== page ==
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Food choices
Our work in this area focuses on learning more about why children's diets are low in fruits and vegetables and high in energy-dense snack foods, and developing strategies for modifying intake. We have made several important advances in tracking developmental trends in food choices, assessing the contribution of heritable genetic factors, and understanding the influence of parental feeding styles (e.g. exposure, control over feeding, modelling). Future work will take this research forward, using data from the Twins Early Development Study and GEMINI, together with a number of community and school-based samples of children and parents.

The Poppets study first examined family environment correlates of healthy dietary choices in preschool children using a survey methodology. The second part has involved developing and testing an intervention based on habit theory to improve dietary quality. The pilot study showed that the intervention was effective, with improved dietary outcomes in both parents and children. We are currently running an effectiveness trial with a larger sample of participants.

A large NPRI/MRC-funded project looks at the role of reward on children's acceptance of a disliked vegetable. Our evidence suggests that reward increases liking and intake, with changes maintained at 3 month follow-up. We are currently expanding this work in the GEMINI twin sample.

HabEat is an EU funded study of food habit formation. We are running a randomised controlled trial with parents of 4-6 months infants, randomising them to guidance on early introduction of vegetables vs. usual care.

Contacts: Prof Jane Wardle, Dr Lucy Cooke, Dr Laura McGowan

Recent publications:
Sweetman C, McGowan L, Croker H, Cooke L. Characteristics of family mealtimes affecting children's vegetable consumption and liking. Journal of the American Dietetic Association. 111,2011, 269-73. (view abstract)

Wardle J, Cooke LJ. One man's meat is another man's poison. Science & Society Series on Food and Science. EMBO. 11, 2010, 816-821. (view abstract)

Johnson L, van Jaarsveld CHM, Wardle J. Individual and family environment correlates differ for consumption of core and non-core foods in children. British Journal of Nutrition. 105, 2011, 950-959. (view abstract)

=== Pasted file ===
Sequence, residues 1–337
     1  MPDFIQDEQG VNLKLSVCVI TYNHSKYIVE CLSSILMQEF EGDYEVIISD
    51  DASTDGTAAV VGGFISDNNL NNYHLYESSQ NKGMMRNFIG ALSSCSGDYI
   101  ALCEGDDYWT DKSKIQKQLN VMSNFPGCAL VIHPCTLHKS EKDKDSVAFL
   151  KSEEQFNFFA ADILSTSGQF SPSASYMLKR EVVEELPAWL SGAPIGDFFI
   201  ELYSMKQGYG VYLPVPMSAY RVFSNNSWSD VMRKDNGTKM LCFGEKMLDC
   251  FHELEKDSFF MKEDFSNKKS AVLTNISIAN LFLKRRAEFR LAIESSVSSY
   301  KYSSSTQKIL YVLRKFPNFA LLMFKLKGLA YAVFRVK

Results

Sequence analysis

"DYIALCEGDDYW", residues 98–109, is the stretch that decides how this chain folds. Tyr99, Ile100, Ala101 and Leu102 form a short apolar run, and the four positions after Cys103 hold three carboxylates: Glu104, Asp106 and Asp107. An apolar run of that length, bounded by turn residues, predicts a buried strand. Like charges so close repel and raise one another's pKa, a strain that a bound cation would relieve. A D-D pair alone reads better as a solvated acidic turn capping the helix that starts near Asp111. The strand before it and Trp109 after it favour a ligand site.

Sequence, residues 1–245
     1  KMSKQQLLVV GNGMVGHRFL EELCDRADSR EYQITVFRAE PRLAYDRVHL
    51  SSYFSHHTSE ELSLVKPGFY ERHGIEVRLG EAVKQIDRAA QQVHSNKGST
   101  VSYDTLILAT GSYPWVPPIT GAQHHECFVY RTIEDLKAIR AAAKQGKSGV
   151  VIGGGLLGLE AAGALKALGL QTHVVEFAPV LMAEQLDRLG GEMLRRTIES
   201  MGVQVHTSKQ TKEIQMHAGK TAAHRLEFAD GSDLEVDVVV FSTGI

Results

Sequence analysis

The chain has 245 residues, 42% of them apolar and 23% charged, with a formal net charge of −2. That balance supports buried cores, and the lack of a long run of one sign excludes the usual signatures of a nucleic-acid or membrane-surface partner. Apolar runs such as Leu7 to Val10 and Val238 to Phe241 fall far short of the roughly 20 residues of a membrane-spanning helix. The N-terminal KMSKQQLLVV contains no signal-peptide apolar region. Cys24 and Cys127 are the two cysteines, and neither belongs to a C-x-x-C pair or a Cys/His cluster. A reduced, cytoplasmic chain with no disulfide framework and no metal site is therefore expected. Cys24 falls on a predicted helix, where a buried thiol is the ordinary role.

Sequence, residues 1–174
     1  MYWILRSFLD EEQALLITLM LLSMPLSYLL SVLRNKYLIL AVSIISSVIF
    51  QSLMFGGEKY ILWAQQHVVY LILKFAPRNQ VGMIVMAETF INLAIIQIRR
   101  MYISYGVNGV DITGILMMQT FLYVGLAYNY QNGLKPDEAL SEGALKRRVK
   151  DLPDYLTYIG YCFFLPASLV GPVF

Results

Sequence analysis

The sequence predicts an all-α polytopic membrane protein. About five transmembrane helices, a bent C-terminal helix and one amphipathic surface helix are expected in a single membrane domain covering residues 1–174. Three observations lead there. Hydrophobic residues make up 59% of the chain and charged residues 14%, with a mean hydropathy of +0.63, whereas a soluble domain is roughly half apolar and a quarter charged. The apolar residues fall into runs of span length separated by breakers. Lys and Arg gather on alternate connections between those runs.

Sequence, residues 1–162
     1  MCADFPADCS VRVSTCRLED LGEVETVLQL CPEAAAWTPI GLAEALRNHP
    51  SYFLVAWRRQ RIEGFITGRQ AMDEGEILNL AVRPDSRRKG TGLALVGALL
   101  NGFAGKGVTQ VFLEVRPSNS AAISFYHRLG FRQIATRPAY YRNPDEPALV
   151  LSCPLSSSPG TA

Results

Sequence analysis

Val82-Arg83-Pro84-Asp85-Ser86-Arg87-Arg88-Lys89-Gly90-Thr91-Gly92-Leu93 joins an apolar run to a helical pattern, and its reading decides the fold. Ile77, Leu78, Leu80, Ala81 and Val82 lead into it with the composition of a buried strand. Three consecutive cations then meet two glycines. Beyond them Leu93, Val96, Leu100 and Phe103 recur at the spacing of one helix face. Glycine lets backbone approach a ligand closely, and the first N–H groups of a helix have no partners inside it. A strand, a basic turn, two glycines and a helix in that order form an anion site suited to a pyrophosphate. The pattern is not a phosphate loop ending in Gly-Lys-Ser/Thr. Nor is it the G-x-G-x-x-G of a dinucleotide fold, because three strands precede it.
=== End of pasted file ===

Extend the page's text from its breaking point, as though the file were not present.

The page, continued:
Cooke LJ, Chambers LC, Aņez EV, Croker HA, Boniface D, Yeomans MR, Wardle J. Eating for Pleasure or Profit. Psychological Science. 22, 2011, 190-96. (view abstract)

Cooke LJ, Chambers LC, Anez EV, Wardle J. Facilitating or undermining? The effect of reward on food acceptance: a narrative review. Appetite. 57, 2011, 493-497. (view abstract)

Webber L, Cooke L, Hill C, Wardle J. Child adiposity and maternal feeding practices: a longitudinal analysis. American Journal of Clinical Nutrition. 92, 2010, 1423-1442. (view abstract)

Croker H, Sweetman C, Cooke L. Mothers' views on portion sizes for children. Journal of the American Dietetic Association. 22, 2009, 437-443. (view abstract)

Wardle, J & Cooke, L. Genetic and environmental determinants of children's food preferences. British Journal of Nutrition, 99, 2008, S15-S21. (view abstract)

Cooke, L, Haworth, C and Wardle J Genetic and environmental influences on children's food neophobia. American Journal of Clinical Nutrition, 86, 2007 428-433. (view abstract)

Cooke, L. The importance of exposure for healthy eating in childhood: a review. Journal of Human Nutrition and Dietetics, 20, 2007, 294-301. (view abstract)

Child and adolescent obesity
Our child and adolescent obesity research draws on behavioural, physiological, psychosocial and clinical methodologies. A major theme is to evaluate the characteristics that make some individuals more susceptible to obesity. We have identified an 'appetitive phenotype', based on the combination of satiety sensitivity and food responsiveness which can be measured during childhood and predicts differential excessive weight gain. We have developed behavioural and psychometric measures of children's eating behaviour, and used data from the Twins Early Development Study (TEDS) and GEMINI to examine genetic effects.

GEMINI is a population-based twin birth cohort set up to investigate diet, activity and growth from birth to five years. All UK families with twins born March-December 2007 were approached by the Office of National Statistics and 2402 families (4804 children) joined the study. We collect data on anthropometrics, appetite, food preferences, activity, sleep, and parental feeding practices at several different time points. We have also taken cheek samples for DNA analyses in a large sub-sample of children. We use GEMINI data to assess the importance of genetic and environmental factors on child obesity.

One line of work focuses on children's physical activity, measured using accelerometry alongside parental/child reports of activity. Using the TEDS sample we have found that activity preferences are mainly genetic, but levels of daily activity are predominantly environmental. In our GEMINI sample we have found strong genetic influences on motor activity in infancy.

Together with colleagues at Great Ormond Street Hospital we have evaluated a family-based behavioural treatment of childhood obesity and we are now involved in PROMISE; an NIHR-funded programme of work aimed at significantly improving the experience and care of obese children in the UK.

Our research in adolescent obesity includes our participation in TEMPEST; an EU funded investigation of the role of self-regulatory skills in adolescents.

Contacts: Helen Croker, Dr Ellen van Jaarsveld, Dr Clare Llewellyn, Dr Abi Fisher, Prof Jane Wardle

Collaborators: Prof Robert Plomin, Prof Tim Cole, Prof Stephen O'Rahilly, Prof Russell Viner, Dr Laura Johnson

Recent publications:
Johnson L, Llewellyn CH, van Jaarsveld CHM, Cole TJ, Wardle J. Genetic and environmental influences on infant growth: Prospective analysis of the Gemini twin birth cohort. Plos One. 6, 2011, e19918. (view abstract)